The Listening Room: a small space with big ambitions
By CHRIS MORDI - firstname.lastname@example.org
"You’d never know this was in this building,” Roger Reupert said as he swung open two doors and headed down about a dozen well-worn stairs.
A right turn at the bottom of the steps takes one into an underground world of music.
Reupert is talking about the Listening Room, a newer performing arts space at the Lakeside Legacy Arts Park, 401 Country Club Road in Crystal Lake.
“I thought it would be great opportunity for the community,” he said. “At the beginning, it was hard to get noticed.”
Reupert is continuing to grow the space’s reputation by bringing some serious musicians to the room, which is celebrating its first anniversary.
“In the past year, we’ve had 39 performances here,” said Reupert, the Listening Room’s house manager.
Musicians he’s brought to the space include Fareed Haque, a world musician and former guitarist for Sting; violinist Rachel Barton Pine; and Peter Calo, who has played with Carly Simon, Hall and Oates and others.
Reupert is a man with short-cropped hair, black-rimmed modern glasses and a youthful appearance that belies his more than 30 years in the music industry.
He’s got a quick smile and a deep passion for music and the arts, having traveled the country playing trumpet for the Nicholas Tremulis Orchestra.
He was tapped to bring the Listening Room to life by the board of the Lakeside Legacy Foundation, said Siobhan Cottone, the foundation’s executive director.
“Roger has years of experience in the entertainment and performing industry. He has a passion for wanting to bring live music to this community – and wanting to share his love for music with all ages,” she said.
Bringing in big-name performers takes a special room to attract them.
The Listening Room feels like a club somewhere in Chicago, but with its own twist.
The space is comfortable and compact with a low black ceiling, a light wood floor and off-white walls. Teak chairs that look more like upscale patio furniture than concert hall seating are loosely arranged in rows on the floor while bar-height chairs and tables hug the walls.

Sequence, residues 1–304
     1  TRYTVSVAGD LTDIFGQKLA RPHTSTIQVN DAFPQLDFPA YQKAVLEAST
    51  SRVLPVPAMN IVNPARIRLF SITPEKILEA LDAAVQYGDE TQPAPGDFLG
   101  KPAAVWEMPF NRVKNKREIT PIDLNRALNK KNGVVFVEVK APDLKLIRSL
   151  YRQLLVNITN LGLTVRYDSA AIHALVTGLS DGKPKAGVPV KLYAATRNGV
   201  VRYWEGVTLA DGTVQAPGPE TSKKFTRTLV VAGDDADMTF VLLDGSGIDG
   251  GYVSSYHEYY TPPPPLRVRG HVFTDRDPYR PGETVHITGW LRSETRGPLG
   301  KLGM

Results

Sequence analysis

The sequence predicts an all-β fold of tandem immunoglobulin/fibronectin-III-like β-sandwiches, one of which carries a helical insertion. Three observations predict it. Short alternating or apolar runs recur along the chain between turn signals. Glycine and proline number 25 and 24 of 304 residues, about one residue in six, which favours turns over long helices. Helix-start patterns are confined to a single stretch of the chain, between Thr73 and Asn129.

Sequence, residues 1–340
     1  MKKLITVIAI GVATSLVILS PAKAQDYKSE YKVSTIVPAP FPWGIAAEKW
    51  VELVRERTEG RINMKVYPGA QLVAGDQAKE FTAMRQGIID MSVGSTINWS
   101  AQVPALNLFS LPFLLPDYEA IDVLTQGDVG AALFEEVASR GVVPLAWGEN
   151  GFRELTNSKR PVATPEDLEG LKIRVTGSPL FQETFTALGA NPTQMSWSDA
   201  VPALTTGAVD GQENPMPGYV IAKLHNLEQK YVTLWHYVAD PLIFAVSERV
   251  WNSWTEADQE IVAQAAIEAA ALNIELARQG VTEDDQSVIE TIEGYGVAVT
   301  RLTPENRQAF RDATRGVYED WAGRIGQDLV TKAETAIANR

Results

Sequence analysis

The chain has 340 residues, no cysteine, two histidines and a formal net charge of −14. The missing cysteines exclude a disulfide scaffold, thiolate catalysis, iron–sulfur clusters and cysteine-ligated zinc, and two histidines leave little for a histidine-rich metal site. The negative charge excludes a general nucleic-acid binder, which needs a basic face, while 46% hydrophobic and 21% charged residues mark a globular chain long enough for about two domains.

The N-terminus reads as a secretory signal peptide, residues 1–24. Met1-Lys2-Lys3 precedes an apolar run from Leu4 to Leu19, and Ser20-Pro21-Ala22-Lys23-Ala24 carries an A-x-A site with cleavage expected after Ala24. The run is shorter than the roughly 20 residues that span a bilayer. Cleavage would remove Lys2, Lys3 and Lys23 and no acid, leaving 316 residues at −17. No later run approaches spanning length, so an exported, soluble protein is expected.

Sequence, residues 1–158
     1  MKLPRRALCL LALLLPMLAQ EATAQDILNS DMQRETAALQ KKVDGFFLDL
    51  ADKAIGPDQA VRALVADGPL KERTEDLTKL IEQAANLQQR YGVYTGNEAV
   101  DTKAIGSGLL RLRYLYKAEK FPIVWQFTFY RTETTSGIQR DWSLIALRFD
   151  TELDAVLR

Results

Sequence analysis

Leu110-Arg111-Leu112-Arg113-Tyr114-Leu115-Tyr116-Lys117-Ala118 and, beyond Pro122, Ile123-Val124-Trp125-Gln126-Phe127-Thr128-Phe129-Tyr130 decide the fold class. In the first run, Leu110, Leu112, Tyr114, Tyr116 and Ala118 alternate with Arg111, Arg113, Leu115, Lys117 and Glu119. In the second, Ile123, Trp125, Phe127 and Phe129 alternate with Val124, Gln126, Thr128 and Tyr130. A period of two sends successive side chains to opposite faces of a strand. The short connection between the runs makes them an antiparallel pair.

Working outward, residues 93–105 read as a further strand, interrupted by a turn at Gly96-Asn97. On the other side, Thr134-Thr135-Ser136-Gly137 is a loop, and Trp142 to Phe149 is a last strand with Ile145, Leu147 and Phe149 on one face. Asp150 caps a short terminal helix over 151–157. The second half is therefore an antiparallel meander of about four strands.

The room has seating for 100. “That’s the limitation [of the Listening Room], but also the beauty of it,” Reupert said. “It’s a great experience for someone who loves music.”
The stage is about a foot above the main floor, and the first row of seats is just 5 feet from the front of the stage. This creates an intimate atmosphere that music lovers don’t often have the opportunity to experience. The audience can see the passion, sweat and fun that the performers are having.
A room for everyone
Musicians and audiences are driving a trend that sees more performances happening in smaller spaces. Both enjoy the intimacy and the connections that come from being in close proximity to one another.
The latest big name to play the Listening Room was the Nicholas Tremulis Orchestra during a sold-out show last Saturday.
“Rock ‘n’ roll is the new jazz,” said Nicholas Tremulis, the leader and guitarist of the Nicholas Tremulis Orchestra. “Musicians are playing the smaller joints. In smaller places the crowd is more appreciative.”
He said it also is a move to go to where the audience is.
“People don’t go out that much because they have obligations,” he said.
“The intimacy is fantastic,” Ken LaRue of Crystal Lake said while sitting with his wife, Laura, in the front row.
“It is so close to home. Roger [Reupert] has done a great job with the space. Not many suburbs have this kind of diversity – with the Raue Center and now the Listening Room. We’re very fortunate.”
Tia Poggensee of Lakewood and her husband are regulars. They’ve been to the Listening Room 12 times.
“The entertainment caliber here is similar to what you’d find in Chicago, but it’s so affordable and so close,” she said.
“I think it’s great; I like how small it is,” Tim Barry of Crystal Lake said of his first visit to the Listening Room. “The acoustics are great, and they’re getting good people in here.”
To grow awareness for the Listening Room, Reupert said he is working to stage 60 performances in 2014.
“They won’t be all music, but a combination of business meetings, private occasions,” he said. “A Buddhist temple from Woodstock rented the room for meditation workshop. It also can serve children’s and seniors programming.”
With that, he is working to develop children’s theater for the summer.
Reupert is always thinking big for the future. His wife, Olga, also encourages him to keep reaching for the stars. He said she told him, “Wouldn’t it be great to get bands to warm up their tours here? Like the Rolling Stones or Eric Clapton?”
That would certainly help accomplish Reupert’s goal of making the Listening Room a McHenry County destination.
“We’re like a start-up company,” Reupert said. “We need companies and private individuals to sponsor performances,” grow awareness and help him accomplish his big goals.
To learn about upcoming performances, visit www.lakesidelegacy.org. Tickets range from $10 to $15 in advance and $20 at the door.
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